Thousands of Philadelphians could soon be at greater risk of losing their homes unless City Council members reach a consensus on reinstating an eviction moratorium.
But, the moratorium bill failed to advance out of committee last week because of disagreements among councilmembers about whether this legislation should apply to all renters or just those who have a COVID-19 related hardship.
Now, time is running out.
Although Philadelphia’s previous eviction moratorium lapsed on Aug. 31, courts are voluntarily pausing evictions through Nov. 8. The local bill under consideration would be in addition to the federal Centers for Disease Control and Prevention eviction moratorium, which is in place through the end of the year, but comes with complicated requirements and ambiguity.
If a moratorium is not passed and the court’s ban expires, Vikram Patel, a staff attorney in Community Legal Services of Philadelphia’s housing unit, said about 2,000 cases that began before the pandemic could move forward.
It is essential for the city to pass its own eviction legislation, Patel said, because many renters are unaware of their rights under the CDC’s federal eviction ban. An absence of new local legislation when courts reopen, Patel said, means “there will be a lot of people who should be protected who aren’t."
The public health effects of housing insecurity will only become more severe as the weather gets colder and coronavirus cases continue to rise. With that looming, councilmembers heard nearly four hours of testimony last week from epidemiologists, landlords, tenants, and other stakeholders about evictions and their consequences.
A “supermajority” of the housing committee supports a bill that would specify it is for renters with a COVID-19-related hardship, Councilmember Maria Quiñones-Sánchez said in an interview.
But more progressive councilmembers, including Helen Gym, a sponsor of the bill, and newcomers Jamie Gauthier and Kendra Brooks, both on the housing committee, have said that no one should be evicted during the pandemic, regardless of why they are unable to make their payments.
“The choice before us is whether thousands of families, including children who are out of school right now, single moms, veterans, people with disabilities, seniors, people who are our most vulnerable,” Gym said in an interview, “whether we are going to leave them out on the streets because they were poor before March 1.”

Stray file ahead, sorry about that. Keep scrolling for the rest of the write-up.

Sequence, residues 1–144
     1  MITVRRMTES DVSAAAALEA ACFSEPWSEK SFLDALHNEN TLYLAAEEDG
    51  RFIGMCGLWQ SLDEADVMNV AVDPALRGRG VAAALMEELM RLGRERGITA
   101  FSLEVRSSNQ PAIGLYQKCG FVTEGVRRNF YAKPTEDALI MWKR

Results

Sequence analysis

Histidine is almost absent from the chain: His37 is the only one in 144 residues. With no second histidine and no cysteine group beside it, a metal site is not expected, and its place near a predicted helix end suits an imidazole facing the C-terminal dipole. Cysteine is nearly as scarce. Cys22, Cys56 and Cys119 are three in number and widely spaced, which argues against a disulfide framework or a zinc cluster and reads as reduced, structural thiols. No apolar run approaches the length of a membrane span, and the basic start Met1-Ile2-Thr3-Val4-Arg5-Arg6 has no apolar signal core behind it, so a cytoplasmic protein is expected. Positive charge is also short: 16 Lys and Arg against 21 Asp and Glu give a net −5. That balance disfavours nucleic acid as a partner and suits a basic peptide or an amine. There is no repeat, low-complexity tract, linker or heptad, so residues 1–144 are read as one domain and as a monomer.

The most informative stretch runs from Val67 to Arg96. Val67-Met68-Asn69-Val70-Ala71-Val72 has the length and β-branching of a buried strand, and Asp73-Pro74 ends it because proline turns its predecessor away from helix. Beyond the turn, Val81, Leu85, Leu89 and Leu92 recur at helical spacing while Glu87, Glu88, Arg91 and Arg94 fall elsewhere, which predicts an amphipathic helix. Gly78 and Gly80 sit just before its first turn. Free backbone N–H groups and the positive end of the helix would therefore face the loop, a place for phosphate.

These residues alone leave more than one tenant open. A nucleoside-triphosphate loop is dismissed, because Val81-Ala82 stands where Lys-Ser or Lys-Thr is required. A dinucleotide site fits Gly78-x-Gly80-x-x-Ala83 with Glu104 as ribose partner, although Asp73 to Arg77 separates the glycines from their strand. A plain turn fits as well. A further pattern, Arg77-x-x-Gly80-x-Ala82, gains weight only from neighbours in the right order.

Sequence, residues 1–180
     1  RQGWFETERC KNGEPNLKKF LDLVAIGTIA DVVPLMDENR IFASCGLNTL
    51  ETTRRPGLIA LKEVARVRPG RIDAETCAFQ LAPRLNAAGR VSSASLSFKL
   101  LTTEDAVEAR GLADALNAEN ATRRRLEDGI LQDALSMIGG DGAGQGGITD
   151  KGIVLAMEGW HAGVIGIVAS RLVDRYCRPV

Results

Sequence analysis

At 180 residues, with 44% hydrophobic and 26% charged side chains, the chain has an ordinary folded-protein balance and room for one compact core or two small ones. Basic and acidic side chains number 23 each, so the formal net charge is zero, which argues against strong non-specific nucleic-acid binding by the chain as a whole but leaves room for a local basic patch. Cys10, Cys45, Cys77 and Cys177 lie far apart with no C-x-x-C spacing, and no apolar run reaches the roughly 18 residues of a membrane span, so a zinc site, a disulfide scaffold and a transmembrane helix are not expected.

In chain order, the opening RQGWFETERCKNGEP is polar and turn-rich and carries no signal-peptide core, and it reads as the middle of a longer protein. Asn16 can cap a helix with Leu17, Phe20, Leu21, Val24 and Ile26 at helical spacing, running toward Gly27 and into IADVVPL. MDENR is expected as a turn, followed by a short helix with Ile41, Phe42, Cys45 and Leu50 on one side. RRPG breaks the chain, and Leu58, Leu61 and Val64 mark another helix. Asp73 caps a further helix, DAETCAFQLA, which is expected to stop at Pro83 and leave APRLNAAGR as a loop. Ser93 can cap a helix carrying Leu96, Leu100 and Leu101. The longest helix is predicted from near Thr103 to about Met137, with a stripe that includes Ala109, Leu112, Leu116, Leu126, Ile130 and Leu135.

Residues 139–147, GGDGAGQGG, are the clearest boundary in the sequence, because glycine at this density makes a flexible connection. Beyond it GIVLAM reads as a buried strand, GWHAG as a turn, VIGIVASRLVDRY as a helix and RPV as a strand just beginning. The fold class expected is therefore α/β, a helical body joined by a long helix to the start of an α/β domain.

The CDC eviction moratorium applies to tenants who meet specific criteria including making efforts to pay what they could, completing a form for their landlords, and showing that they would end up homeless or living in a cramped housing situation if evicted. It does not require tenants prove their inability to pay rent is because of the pandemic, but rather, recognizes that evictions during a public health crisis could increase the spread of the virus.
If Council passes an eviction moratorium that is more narrowly focused, there may be people who only qualify under the CDC moratorium, those who only qualify under the local one, and people who meet both requirements — which could cause confusion.
The bill as written mentions that the moratorium is being proposed because the city is in a “COVID-19 emergency period” But Quiñones-Sánchez and Councilmember Katherine Gilmore Richardson said specifying that the legislation is for those with a COVID-19 related hardship would allow the city to put federal coronavirus funds, which need to be used by the end of the year, toward the affected population.
It is a “technical amendment,” Gilmore Richardson said, “to ensure that whatever we do does not preclude anyone from receiving any direct funding or aid that is COVID-related.”
The Philadelphia Apartment Association, a landlord group, had also proposed amending the legislation to require that tenants demonstrate their inability to make rent was caused by the pandemic. Brianna Westbrooks, the group’s government affairs manager, said 70% of the city’s property owners own 10 properties or fewer. Some of those property owners, she said, have gone seven months without collecting rent, which she called unsustainable.
Dametria Sanders, a tenant in a Frankford neighborhood apartment building, told councilmembers how she has lost her work as a school bus attendant and a caregiver for people with mental disabilities because of the pandemic and was at risk of eviction. She urged them to move this bill forward to help people like herself.
She alleged her landlord put an eviction notices on her door in the spring, warning that she needed to leave by the end of June. Before the pandemic, she said, she had always paid her rent on time. She said she was lucky to be a member of Renters United Philadelphia, which helped her negotiate a lease renewal, a payment plan for back rent, and be forgiven late fees.
“A lot of people are scared right now and they’re scared to come forward to demand their rights," Sanders said. “Your home makes you feel at ease and comfortable and safe. It’s not a home if you’re constantly worried about being put out in the street.”